Each condo will also have access to broadband Internet and Intranet services and there is an on-site business center with video conferencing, copying and printing services. Residents will have use of a full service health club, landscaped gardens, a children's play area, an on-site laundry and dry cleaner, and several retail stores and restaurants.
A loft-style six-unit development at 1024 Dean Street in Brooklyn received Keyspan Energy's Green Cinderella award for energy-efficient design. The Nassau Brewery Ice House Apartments are a residential conversion of a previously vacant ice house that was constructed in the 1880s. The four-story, 14,000-square-foot brick factory building is currently being renovated with occupancy expected in early 2004. Some of its unique "˜green' features include rooftop-integrated photovoltaic panels for solar power, radiant floor heating, and a vegetated 2,300-square-foot green roof with rainwater collection and irrigation.
While new buildings can be constructed in an environmentally-friendly manner, existing co-op and condo buildings can become more energy-efficient by thinking about what improvements can be made over the life of their capital management plan, according to Josh Radoff, a spokesman for GreenHomeNYC.
Measures can be as simple as replacing incandescent lighting with compact fluorescent lighting or as complex as installing individual thermostat units in each apartment, Radoff says. Other noticeable improvements are to make indoor living environments healthier for residents, he says. This can be accomplished by reducing the incidence or presence of toxic, carcinogenic or harmful chemicals, using low volatile organic compounds in paints and other products, and making sure that windows function properly and let in enough light and fresh air.
Some short term measures, such as changing lighting fixtures, installing occupancy sensors and motion detectors in hallways, stairways and shared spaces, can have a fast return on investment - less than a five year payback, according to Radoff. Other things to do are installing Energy Star or similar appliances, which are eligible for New York State Energy Research and Development Authority (NYSERDA) rebates. Consider replacing an old boiler or burner or HVAC system with more energy-efficient models including those with programmable thermostat controls. Also, make sure your heating and air conditioning units are working and set properly. Make sure to reseal windows, (install new Low E Argon ones if possible) and examine flooring, and piping in the building on a regular schedule, Radoff says. Use salvaged or recycled materials where possible in any major capital replacement project, he adds. Install natural linoleum instead of vinyl flooring and make sure that your building is using low-flush or dual flush toilets, he says.
The New York City Metropolitan Transit Authority (MTA) is also getting into the spirit of greening with the building of a new Stillwell Avenue Terminal train shed at Coney Island that will be constructed entirely of a 210 kilowatt photovoltaic steel frame array. Kiss and Cathcart, an architectural consulting firm in Brooklyn, are designing the $283 million, 80,000-square-foot project, which architect Tony Kiss believes will increase the maintenance lifespan of the structure to 30 years or more. The solar panels will help in removing snow, ice and salt, which tends to corrode steel structures, he says. The triple arched skylight will cover four terminal platforms and eight tracks with expected completion in 2005. The PV panels will supply 250,000 KW hours of electricity annually to light the new terminal facility. Kiss & Cathcart have also been commissioned to design the new Whitehall/South Ferry Terminal in Lower Manhattan, which will also be solar-powered.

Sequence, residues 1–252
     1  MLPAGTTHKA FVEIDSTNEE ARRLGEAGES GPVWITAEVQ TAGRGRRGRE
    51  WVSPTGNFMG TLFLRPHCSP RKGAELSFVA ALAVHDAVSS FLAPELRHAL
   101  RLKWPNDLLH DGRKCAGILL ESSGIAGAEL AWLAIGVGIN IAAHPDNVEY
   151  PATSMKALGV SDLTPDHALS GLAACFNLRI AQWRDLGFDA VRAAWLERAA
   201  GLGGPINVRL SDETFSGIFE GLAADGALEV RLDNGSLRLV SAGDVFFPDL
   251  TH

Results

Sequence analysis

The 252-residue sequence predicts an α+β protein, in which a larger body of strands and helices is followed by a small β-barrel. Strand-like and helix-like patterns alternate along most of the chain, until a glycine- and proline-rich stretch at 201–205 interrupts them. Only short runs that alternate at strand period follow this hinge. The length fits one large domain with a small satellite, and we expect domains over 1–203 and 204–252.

New York State Department of Environmental Protection Commissioner Christopher Ward extolled the benefits of green construction. He believes that there is a delicate balance between environmentally-friendly development and economic gain but, in discussing green projects such as The Solaire and 1400 on 5th he cites a cooperative relationship between industry professionals wanting to respond to clients' desire for "green" and government oversight and regulation.
Also from a governmental point of view, Ward says that it has been encouraging to see developers' clientele willing to pay for sustainable return, repeating the five to six year cost in materials to catch up in savings. Acknowledging economic returns, he says is a big step to being on the same page of "green" improvement.
Ward says, "From the city's perspective, the largest problem you'll face is how to inculcate the culture through the leadership in building, and throughout the building community as a whole. Moving the bureaucracy is often more difficult than moving the market. The market is beginning to respond to residential and commercial needs." And when it does, going green may not be such a novel idea anymore.